Note that this function is designed to work in the case where there are multiple records that exist and you want to delete them all, or when you have a single record that exists and you want to remove it.

#### Deleting Multiple Records

First, we'll take a look at how to use this function when there are multiple records with the same information. Let's assume, for the purposes of this example, the database looks something like this:

Here, we have multiple records. In order to delete records having the same key, we use a single call to the delete_user_meta function and pass the user ID and the meta key.

And if you refresh the information in the database table, you'll note that all of the records have been erased:

Though this is an easy function to use, it is important to remember that it can delete multiple rows in a single call, so use it with care.

#### A Single Record

If, on the other hand, you have a single record to delete, then you need three pieces of information:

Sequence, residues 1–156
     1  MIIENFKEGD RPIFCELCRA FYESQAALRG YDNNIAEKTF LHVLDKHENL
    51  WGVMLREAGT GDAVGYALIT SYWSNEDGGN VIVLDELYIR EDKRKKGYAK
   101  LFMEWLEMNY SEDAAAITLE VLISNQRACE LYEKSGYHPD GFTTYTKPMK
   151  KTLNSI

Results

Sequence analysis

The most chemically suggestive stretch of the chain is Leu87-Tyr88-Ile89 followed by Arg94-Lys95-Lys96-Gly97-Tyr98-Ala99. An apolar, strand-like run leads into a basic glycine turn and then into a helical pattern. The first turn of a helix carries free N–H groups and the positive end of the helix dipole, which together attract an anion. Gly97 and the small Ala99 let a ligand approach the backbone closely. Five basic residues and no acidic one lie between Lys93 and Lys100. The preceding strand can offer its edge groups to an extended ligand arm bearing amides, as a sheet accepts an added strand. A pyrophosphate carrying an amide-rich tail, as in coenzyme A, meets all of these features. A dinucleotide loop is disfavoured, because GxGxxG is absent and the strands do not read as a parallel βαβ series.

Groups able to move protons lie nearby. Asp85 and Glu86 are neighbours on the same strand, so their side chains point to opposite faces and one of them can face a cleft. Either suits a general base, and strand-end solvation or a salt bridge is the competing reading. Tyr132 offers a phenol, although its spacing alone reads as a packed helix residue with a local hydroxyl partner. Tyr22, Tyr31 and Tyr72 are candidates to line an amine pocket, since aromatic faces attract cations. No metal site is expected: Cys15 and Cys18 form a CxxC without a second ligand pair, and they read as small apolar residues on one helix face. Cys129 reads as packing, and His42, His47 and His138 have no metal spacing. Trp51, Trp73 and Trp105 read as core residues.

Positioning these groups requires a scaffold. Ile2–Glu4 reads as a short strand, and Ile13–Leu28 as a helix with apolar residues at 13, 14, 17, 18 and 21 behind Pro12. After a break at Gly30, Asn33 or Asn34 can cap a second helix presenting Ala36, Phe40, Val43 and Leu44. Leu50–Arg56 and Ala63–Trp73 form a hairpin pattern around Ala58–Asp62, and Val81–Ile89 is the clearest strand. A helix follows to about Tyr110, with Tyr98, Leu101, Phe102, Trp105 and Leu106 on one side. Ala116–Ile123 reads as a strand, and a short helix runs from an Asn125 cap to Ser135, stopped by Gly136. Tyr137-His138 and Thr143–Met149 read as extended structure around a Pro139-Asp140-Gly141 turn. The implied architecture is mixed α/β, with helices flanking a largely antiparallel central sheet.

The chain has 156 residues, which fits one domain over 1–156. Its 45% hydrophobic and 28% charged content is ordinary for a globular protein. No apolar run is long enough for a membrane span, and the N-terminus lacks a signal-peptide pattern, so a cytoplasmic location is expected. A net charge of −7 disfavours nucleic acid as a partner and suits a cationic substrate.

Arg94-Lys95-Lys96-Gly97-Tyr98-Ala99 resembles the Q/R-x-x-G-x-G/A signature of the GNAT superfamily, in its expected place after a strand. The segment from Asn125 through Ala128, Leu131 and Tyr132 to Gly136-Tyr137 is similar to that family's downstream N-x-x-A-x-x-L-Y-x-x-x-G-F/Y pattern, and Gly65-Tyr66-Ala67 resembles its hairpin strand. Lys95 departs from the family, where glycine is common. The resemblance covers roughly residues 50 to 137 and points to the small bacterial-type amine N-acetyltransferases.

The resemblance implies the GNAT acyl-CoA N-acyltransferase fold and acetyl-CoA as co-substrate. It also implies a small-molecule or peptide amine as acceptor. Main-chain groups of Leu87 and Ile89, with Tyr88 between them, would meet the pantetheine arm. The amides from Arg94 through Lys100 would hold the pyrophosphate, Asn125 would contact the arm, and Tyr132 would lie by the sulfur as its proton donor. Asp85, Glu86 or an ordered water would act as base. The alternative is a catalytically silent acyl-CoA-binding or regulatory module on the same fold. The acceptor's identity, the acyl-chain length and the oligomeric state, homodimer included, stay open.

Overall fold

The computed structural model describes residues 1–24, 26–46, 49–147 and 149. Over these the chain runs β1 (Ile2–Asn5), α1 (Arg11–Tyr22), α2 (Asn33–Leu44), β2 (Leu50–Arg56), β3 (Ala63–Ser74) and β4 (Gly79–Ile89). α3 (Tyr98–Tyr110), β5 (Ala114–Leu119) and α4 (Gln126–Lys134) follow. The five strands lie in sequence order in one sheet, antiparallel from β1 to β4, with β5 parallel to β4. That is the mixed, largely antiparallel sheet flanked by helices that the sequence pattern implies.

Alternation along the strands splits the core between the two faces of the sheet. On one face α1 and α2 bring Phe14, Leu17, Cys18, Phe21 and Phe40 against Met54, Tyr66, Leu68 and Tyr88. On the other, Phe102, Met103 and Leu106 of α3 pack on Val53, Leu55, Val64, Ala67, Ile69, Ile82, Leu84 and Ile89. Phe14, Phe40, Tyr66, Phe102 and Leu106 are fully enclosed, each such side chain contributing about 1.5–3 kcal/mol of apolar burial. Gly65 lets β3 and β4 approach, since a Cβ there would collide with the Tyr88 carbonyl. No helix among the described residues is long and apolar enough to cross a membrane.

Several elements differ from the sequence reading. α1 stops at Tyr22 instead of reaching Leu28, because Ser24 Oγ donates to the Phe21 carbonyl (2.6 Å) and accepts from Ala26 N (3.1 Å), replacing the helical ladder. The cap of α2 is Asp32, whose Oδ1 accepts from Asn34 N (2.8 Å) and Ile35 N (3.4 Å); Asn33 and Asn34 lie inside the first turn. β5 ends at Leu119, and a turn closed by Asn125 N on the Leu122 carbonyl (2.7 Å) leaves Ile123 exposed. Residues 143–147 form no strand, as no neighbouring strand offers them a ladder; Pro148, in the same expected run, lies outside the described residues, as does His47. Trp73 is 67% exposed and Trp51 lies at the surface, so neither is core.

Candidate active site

1. the user's ID
2. the meta key
3. the meta value

Having all three values will allow you to delete a single record. Clearly, it allows for much more precision than the previous use of this function.

So, in our example, let's say that we have two records, both of which have the twitter_account meta key. Each key has the following value:

1. https://twitter.com/tommcfarlin
2. https://twitter.com/pressware

In our example, we're only concerned with removing the second value. To do that, we'll use the following code:

And then if you refresh your database, you should see the following (or something similar):

It's nice when an API performs exactly as you expect.

## The Complete Source Code

Here's a copy of all of the source code that we covered in this article. Please note that the add_action calls have been commented out as you'll need to uncomment them based on what you want to do when experimenting with the code.

Additionally, feel free to add this to the file that we created in the previous tutorial. That's what I did when working on the examples; however, you may want to be careful when working on the file so that the proper add_action calls are set based on what it is you'd like to do.